The beer, named Zarabanda,2 is a 6.5 percent ABV saison that is brewed with pilsner, Vienna, spelt malt, flaked oats, Munich and crystal malts, along with saaz hops. In addition, the beer uses French saison yeast and sour wort in the mix, and is packaged exclusively in 22-ounce bottles.
The marketing materials that Deschutes sent out when the beer was released has more to say:
An energetic and passionate combination of the culinary and craft brewing worlds, Zarabanda is a spiced Saison that’s been years in the making. Created through a unique collaboration between renowned chef José Andrés and Deschutes Brewery brewers. They worked together throughout this spiced Saison‘s development, infusing the final product with the authentic and distinctive flavors that represent Andrés’ innovation along with Deschutes’ enthusiasm for experimentation and adventure. Zarabanda provides a complex malt body formed from a generous use of Vienna and Spelt malts. A classic Saison yeast strain contributes light fruit esters, which are complemented by aromatic dried lime, flowery pink peppercorn, lemon verbena and savory sumac.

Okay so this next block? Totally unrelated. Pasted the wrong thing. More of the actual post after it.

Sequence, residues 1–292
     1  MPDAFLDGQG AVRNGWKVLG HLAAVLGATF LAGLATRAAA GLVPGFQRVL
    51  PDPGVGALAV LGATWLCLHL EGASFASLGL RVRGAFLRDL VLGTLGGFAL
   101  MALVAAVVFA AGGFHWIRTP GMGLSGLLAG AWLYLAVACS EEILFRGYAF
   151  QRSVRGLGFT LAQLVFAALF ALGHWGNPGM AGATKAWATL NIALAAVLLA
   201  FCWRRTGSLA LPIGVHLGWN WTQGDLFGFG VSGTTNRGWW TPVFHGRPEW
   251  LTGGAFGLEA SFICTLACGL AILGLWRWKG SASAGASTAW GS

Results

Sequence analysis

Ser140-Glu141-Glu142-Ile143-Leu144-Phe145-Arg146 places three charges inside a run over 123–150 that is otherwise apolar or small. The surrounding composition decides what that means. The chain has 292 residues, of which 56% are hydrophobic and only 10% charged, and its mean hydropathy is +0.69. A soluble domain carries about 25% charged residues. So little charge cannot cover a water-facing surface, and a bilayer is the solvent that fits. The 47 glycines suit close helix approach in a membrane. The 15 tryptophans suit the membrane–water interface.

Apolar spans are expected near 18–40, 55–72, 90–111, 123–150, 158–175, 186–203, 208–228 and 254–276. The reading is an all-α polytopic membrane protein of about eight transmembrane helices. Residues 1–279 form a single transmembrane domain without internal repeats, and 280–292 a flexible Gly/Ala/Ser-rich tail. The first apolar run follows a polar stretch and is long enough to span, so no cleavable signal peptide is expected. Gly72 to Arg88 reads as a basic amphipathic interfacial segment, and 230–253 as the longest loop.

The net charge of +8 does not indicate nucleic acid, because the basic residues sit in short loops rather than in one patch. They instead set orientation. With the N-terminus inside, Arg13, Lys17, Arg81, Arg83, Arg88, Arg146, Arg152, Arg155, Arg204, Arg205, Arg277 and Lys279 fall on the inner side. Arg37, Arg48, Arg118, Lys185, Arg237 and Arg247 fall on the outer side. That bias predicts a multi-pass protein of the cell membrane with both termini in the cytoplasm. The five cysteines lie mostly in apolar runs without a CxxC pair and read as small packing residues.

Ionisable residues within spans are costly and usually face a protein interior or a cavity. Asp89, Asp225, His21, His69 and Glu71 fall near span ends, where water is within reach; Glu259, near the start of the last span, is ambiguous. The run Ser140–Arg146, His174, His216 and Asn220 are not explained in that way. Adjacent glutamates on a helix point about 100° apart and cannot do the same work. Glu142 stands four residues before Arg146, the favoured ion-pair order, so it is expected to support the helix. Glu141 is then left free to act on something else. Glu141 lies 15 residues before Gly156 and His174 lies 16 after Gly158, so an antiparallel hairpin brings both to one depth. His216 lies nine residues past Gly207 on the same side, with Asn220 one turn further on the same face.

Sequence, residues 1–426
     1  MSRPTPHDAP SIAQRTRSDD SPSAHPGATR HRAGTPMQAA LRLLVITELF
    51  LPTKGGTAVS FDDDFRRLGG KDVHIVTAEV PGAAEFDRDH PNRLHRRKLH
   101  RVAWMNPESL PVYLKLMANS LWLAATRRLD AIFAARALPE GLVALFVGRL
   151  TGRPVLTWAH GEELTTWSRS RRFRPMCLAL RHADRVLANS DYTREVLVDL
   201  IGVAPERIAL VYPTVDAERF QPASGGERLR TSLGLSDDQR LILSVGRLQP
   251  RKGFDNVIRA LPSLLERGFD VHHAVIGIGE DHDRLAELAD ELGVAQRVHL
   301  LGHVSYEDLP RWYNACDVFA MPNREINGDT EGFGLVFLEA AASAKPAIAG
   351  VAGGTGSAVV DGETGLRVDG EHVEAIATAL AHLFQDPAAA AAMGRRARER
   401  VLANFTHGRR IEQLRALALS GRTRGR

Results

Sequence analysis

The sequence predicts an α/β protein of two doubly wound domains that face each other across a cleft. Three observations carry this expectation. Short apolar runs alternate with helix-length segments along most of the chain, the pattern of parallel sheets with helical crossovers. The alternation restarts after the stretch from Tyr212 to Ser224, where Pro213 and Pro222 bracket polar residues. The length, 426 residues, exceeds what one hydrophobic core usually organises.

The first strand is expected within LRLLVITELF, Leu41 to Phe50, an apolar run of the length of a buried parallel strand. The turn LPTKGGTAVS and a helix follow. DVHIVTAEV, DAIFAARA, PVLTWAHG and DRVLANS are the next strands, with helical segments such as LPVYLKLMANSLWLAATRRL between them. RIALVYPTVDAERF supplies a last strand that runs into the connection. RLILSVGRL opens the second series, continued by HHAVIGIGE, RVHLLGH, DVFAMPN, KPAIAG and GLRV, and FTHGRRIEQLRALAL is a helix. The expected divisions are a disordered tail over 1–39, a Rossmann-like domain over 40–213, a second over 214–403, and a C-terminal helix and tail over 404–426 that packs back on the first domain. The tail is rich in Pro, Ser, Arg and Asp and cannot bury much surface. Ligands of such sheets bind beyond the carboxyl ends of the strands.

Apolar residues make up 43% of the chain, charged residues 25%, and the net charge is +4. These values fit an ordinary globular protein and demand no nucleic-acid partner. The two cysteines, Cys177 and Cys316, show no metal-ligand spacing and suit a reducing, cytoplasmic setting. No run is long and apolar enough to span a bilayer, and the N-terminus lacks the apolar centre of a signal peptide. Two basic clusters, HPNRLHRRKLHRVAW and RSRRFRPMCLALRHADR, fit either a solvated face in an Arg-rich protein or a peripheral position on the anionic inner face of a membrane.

The Deschutes Zarabanda pours a cloudy amber color,with very little head and almost no lacing retention at all after a short time despite the small amount of carbonation evident in the glass. Aroma from the top of the beer is a combination of lemon, oak, grains, grapefruit and cloves, with a touch of pepper thrown in.
My first taste of the Zarabanda is slightly sour with lemongrass, coriander, earth, sweet oranges and a touch of funkiness that gets stronger as the beer warms up. The finish is quite dry, and also exhibits some noticeable pepper that warms my tongue. The lime is evident mostly in the aroma, but every once in a while I picked it up on the finish as well. The carbonation in the beer begins to dissipate quickly after I take my first sip and I am left with virtually none before I even finish my glass. The sweetness on the palate becomes more overt as the beer warms, but the pepper is still present on the finish in a big way, leading to a confusing combination that is not helped by the aforementioned lack of carbonation.